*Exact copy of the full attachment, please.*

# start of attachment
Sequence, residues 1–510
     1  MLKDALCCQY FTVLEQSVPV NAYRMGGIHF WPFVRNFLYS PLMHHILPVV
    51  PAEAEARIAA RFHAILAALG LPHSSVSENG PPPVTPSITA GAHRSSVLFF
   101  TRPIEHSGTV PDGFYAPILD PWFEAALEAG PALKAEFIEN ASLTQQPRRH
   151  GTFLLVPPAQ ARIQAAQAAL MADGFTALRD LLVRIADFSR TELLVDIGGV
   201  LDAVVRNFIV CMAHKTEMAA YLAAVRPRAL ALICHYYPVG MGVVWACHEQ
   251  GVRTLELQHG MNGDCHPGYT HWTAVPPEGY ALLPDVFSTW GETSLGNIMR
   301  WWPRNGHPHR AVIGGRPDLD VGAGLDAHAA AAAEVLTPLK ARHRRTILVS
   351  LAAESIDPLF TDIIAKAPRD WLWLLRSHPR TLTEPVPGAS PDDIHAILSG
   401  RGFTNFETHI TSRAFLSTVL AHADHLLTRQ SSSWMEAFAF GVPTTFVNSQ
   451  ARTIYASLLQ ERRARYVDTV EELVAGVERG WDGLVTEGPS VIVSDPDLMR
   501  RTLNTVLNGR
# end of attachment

Sequence, residues 1–510
     1  MLKDALCCQY FTVLEQSVPV NAYRMGGIHF WPFVRNFLYS PLMHHILPVV
    51  PAEAEARIAA RFHAILAALG LPHSSVSENG PPPVTPSITA GAHRSSVLFF
   101  TRPIEHSGTV PDGFYAPILD PWFEAALEAG PALKAEFIEN ASLTQQPRRH
   151  GTFLLVPPAQ ARIQAAQAAL MADGFTALRD LLVRIADFSR TELLVDIGGV
   201  LDAVVRNFIV CMAHKTEMAA YLAAVRPRAL ALICHYYPVG MGVVWACHEQ
   251  GVRTLELQHG MNGDCHPGYT HWTAVPPEGY ALLPDVFSTW GETSLGNIMR
   301  WWPRNGHPHR AVIGGRPDLD VGAGLDAHAA AAAEVLTPLK ARHRRTILVS
   351  LAAESIDPLF TDIIAKAPRD WLWLLRSHPR TLTEPVPGAS PDDIHAILSG
   401  RGFTNFETHI TSRAFLSTVL AHADHLLTRQ SSSWMEAFAF GVPTTFVNSQ
   451  ARTIYASLLQ ERRARYVDTV EELVAGVERG WDGLVTEGPS VIVSDPDLMR
   501  RTLNTVLNGR